where I saw this art show, but once I knew the play was going to be set there I went back 
to study the area. I have an aunt who lives in DC and worked as a lobbyist, so she had access 
to people that I was able to meet and interview. Was fascinating. I love this aspect of the work. 
I have traveled far and wide to research my plays: Mexico, Germany, the Southwest. Being in 
a place and breathing that air is vital to capturing the specifics of that world.

SBTS: What did you draw upon to write this?

Howard Meyer: In terms of what I have drawn upon:  All artists, in any form, I think, manage 
the multiple pressures of making the best work possible, being received by the profession, making a 
living as an artist, and also creating a life with vital relationships. It's a big challenge. Art 
making can be so demanding and so private. And the career aspects (networking, relationship
building, applying for grants, sending in proposals.... and dealing with the inevitable 
rejections) adds even more pressure to one's time and attention. So maintaining balance, 
not getting overly obsessed is a challenge. Its certainly been a challenge for me.

SBTS: Who are the major characters?

There are three characters. All are central: Willa Benson, played by Meredith Garretson. 
Dylan McGregor played by Stephen Louis Grush, and Keir Connelly played by David Lanson. 
The characters are described in the above synopsis.

Howard Meyer: I have known David and Meredith for some time. They are fabulous. Meredith,
a recent graduate of NYU's graduate acting conservatory, has been in several 
readings of this play and also in a reading of another one of my plays, and was in a theatre 
company with a dear friend of mine for years. David has also been in readings of this play and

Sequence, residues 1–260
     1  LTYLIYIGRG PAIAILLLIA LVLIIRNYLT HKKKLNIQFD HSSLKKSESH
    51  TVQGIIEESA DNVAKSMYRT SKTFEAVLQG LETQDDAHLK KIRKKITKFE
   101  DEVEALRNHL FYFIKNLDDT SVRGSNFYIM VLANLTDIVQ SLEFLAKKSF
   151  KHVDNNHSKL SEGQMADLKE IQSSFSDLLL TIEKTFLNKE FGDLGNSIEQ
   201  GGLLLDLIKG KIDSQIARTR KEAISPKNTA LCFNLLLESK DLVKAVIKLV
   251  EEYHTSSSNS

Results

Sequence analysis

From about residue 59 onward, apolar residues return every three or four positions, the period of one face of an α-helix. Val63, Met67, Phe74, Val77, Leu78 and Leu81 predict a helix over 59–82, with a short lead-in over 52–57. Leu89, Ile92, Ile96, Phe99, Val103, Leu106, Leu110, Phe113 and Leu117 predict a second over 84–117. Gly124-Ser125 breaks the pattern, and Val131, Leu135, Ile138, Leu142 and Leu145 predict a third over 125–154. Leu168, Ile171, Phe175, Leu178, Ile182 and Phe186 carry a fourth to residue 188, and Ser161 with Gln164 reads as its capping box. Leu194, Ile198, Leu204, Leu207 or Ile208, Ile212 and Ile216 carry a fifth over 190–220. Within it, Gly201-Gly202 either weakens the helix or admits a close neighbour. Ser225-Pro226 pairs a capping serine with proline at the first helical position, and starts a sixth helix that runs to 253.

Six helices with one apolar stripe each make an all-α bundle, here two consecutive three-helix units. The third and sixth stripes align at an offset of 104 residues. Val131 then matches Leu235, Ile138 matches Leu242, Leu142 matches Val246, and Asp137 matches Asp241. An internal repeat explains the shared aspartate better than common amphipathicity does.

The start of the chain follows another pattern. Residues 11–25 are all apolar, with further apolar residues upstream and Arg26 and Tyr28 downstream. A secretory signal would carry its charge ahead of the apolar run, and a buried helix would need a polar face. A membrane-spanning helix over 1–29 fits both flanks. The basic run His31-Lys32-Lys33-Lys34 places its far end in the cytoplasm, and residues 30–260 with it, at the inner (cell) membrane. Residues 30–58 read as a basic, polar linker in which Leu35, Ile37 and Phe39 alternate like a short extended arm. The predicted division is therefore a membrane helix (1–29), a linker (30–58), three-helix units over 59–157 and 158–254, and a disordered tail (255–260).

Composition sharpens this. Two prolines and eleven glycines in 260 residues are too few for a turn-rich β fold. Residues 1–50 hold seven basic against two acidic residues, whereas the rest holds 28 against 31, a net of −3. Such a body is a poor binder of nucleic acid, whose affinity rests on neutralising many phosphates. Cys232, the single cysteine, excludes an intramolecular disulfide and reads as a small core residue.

performed the last play of mine that had a full production, Maybe Never Fell at Axial Theatre 
in the Fall of 2016.

Stephen is an amazing actor we recently met at Steppenwolf where the play had its last 
developmental workshop. He worked on the role of Dylan in that process and we were 
blown away. He has performed on the Steppenwolf main-stage 9 times in the past 10 years 
in addition to film and TV. Truly a terrific actor.

SBTS: What advice would you give to an aspiring playwright?

Patience. Perseverance. Belief in one's self and one's craft.  Its so easy to take rejection 
personally since the work is so intimate.  And there is a lot of rejection. Even for the most 
gifted writers. And also all the pressures I spoke to above. Very important and often neglected
is getting out there and meeting as many theatres, artistic directors, directors and producers 
as possible.

SBTS: What are some plays that you love and inspire you?

Howard Meyer: I love and have been inspired by most every play written by Martin McDonagh, Stephen Adly 
Guirgis, and John Patrick Shanley. Athol Fugard was a mentor and I adore his plays. 
Craig Lucas is a current mentor and I adore his as well. I have also been influenced by the 
work of Arthur Miller and Henrik Ibsen.

I love movies. Hopefully one day I can include my movie on this list! My play Lost In 
Paradise was optioned for a film and adapted into a screenplay and the producers are 
raising the money as we speak! Here are my favs in terms of writing: On the Waterfront, 
The Godfather, The Graduate, Eternal Sunshine of the Spotless Mind, Crimes and 
Misdemeanors, Dog Day Afternoon, Do The Right Thing, Cool Hand Luke.... and more 
recently: Moonlight. I am sure I am forgetting some.

SBTS:  Any other projects?
Another new play of mine, Senescence, will be presented at Axial this Fall. I already 
mentioned the movie which I hope will be going into pre-production sometime in mid 2019.
In terms of Axial Theatre, we are entering our 20th anniversary season in September. 
Very big moment. And the acting program is celebrating its 25th year.